Source: Scientific Computing World
Argonne National Laboratory is partnering with the University of Chicago and the City of Chicago to launch an open access urban sensing project - the Array of Things - to better understand and improve the cities.
The Array of Things (AoT) will collect streams of data on Chicago's environment, infrastructure, and activity. This local, open data collection can then be used by researchers, city officials and software developers to study challenges such as air pollution, flooding, traffic safety and assessing the nature and impact of climate change.
Areas of Chicago have been fitted with a network of sensors, which will work like a Fitbit activity tracker to provide both scientists and citizens with open data about the urban environment.
Known as the Array of Things, the urban sensing network was developed by the Urban Center for Computation and Data at the University of Chicago, the Argonne National Laboratory and the City of Chicago.
Source: Matt Leonard, GCN
Look! It’s a bird! … Or it’s a stack oversized of shuttlecocks, maybe?
No, those funky-looking contraptions being mounted on electric poles and traffic lights around Chicago are sensors, or, actually, housing for multiple sensors. They are the first sensors installed in Chicago’s much-anticipated Array of Things project. Fifty are expected to be up by September.
Source: Government Technology
Chicago has taken a step toward what it hopes is the future.
On Aug. 29, coordinators of the Array of Things (AoT) project announced that they’ve set up two sensor nodes at intersections along Damen Avenue capable of collecting real-time data on things ranging from the amount of carbon monoxide in the air to the number of pedestrians crossing the street. They’re the first two nodes of an eventual 500 the project organizer hopes to have installed in the city by the end of 2018 — and that’s completely separate from the other cities working to set up their own nodes.
SOURCE: Bailey McCann, CivSource
Chicago is taking the sensor-based smart city concept one step further by launching its own “Array of Things”. The city installed the first round of sensors for the array this week. The first phase of sensors will focus on air quality and will also include low-resolution cameras that will be installed on traffic poles.
The array is backed by a $3.1 million grant from the National Science Foundation in addition to some city and local university dollars. The project and its analysis will be led by the Urban Center and Computation and Data at the University of Chicago and Argonne.
SOURCE: Stephanie Stefanovic, PACE
Chicago is rolling out the first 50 of 500 sensors that will be installed across the city to measure everything from air quality to pedestrian traffic. The project – dubbed the Array of Things – is the first of its kind in a US city.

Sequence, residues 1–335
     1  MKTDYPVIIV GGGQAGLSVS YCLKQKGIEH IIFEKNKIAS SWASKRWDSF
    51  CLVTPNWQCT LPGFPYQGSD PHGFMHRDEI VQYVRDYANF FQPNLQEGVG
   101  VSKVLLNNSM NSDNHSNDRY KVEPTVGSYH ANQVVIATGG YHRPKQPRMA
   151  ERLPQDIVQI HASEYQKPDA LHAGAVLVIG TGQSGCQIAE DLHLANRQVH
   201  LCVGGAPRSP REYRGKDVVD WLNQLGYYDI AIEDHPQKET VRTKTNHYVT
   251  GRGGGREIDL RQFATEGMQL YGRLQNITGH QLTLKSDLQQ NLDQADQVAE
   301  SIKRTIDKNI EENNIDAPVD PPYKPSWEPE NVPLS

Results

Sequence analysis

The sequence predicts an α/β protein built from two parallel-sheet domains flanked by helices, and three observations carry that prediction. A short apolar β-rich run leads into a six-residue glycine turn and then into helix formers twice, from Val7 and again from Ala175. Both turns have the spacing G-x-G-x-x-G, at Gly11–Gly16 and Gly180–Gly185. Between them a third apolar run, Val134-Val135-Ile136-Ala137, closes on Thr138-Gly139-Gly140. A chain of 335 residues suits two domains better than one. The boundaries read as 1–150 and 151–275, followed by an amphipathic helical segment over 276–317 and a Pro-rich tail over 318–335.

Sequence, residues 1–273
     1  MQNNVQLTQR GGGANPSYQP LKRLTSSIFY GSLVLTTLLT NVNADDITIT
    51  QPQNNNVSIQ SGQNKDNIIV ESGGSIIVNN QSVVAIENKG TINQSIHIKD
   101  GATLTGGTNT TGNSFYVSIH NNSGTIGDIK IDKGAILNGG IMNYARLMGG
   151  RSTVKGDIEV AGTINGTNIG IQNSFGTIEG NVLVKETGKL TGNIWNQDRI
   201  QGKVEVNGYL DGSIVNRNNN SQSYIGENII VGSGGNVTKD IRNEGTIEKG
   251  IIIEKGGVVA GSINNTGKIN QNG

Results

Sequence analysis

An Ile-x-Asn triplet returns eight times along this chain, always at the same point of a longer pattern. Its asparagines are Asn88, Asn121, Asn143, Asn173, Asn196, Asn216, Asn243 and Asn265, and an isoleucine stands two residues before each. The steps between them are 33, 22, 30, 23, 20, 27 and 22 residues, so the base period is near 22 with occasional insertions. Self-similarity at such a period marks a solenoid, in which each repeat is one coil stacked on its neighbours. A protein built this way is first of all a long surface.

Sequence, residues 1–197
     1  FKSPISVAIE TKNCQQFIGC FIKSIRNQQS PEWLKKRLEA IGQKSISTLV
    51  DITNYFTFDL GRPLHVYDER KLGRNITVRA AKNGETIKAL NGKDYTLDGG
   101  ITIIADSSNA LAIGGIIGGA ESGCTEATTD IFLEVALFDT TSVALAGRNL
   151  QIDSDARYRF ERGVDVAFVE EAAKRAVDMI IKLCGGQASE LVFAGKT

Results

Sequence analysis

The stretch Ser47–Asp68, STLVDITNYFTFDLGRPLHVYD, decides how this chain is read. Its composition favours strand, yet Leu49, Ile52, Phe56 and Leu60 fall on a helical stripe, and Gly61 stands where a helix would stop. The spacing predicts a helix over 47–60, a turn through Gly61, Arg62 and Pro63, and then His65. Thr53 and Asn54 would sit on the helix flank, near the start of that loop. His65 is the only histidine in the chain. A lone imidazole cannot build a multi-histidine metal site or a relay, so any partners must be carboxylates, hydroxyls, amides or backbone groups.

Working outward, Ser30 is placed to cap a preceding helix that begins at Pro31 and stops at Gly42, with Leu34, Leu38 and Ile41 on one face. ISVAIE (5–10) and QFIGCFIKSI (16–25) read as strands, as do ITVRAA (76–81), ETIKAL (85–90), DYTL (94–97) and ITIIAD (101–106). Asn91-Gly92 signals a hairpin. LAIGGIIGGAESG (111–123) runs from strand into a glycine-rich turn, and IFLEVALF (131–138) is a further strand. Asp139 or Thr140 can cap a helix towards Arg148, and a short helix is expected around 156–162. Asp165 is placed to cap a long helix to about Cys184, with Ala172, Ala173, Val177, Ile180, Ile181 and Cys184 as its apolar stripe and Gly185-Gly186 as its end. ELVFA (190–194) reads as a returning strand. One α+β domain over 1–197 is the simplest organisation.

Source: Jay Koziarz, Curbed Chicago
After much anticipation, the first light pole-mounted, data collection nodes comprising Chicago’s ambitious city-wide Array of Things sensor network are finally starting to come on line. Initially installed in the Pilsen neighborhood last week to specifically study air quality, these first few sensors will soon be expanded to more locations across the city and will grow to roughly 500 nodes by the end of 2018.
While a project to install hundreds of unblinking robotic sentinels across the Windy City might seem like something out of an Orwellian dystopia, the Array of Things is interested in monitoring the Chicago’s urban environment — such as temperature, barometric pressure, light, vibration, pollutants, sound intensity, traffic — and not its individual residents. As an added layer of transparency, all data will be published openly across multiple portals completely free of charge.
SOURCE: Zach Long, Time Out Chicago
By 2018, a network of 500 sensor nodes situated around Chicago will monitor air quality, climate, traffic, noise and other factors that affect the environment of the city. The network is called the Array of Things, an urban sensing project that is being described as a "fitness tracker for the city," collecting real-time data that can be used to help improve Chicago's infrastructure, provide hyper-local forecasts and help you get to work on time. Funded by a $3.1 million grant from the National Science Foundation, the project marks a collaboration between the city and researchers at the University of Chicago and Argonne National Laboratory.
SOURCE: Sam Cholke, DNA Info
HYDE PARK — The first two of more than 500 sensors being installed across Chicago by scientists are now up in Pilsen measuring air quality.
Charlie Catlett, the director of the Urban Center for Computation and Data at the University of Chicago, said Monday the Array of Things project is rolling out the installation of the first 60 of a series of sensors that will eventually go up around the city measuring air quality, traffic and a bevy of other data.
“By this time next year from the sensors in the Loop, we could get a very good picture of the number of vehicles coming in and out of the Loop at certain times,” Catlett said.
Source: Amina Elahi, Chicago Tribune BlueSky
The first of a network of data-collecting sensors that could one day blanket Chicago are now live.
The city installed two nodes containing computers and sensors including low-resolution cameras as well as air quality sensors last week. They went up on traffic light poles at Damen and Archer avenues in the McKinley Park neighborhood on the Southwest Side and Damen and Cermak Road in the Heart of Chicago on the Lower West Side. The installation marks the launch of the Array of Things project, which was conceived in 2012...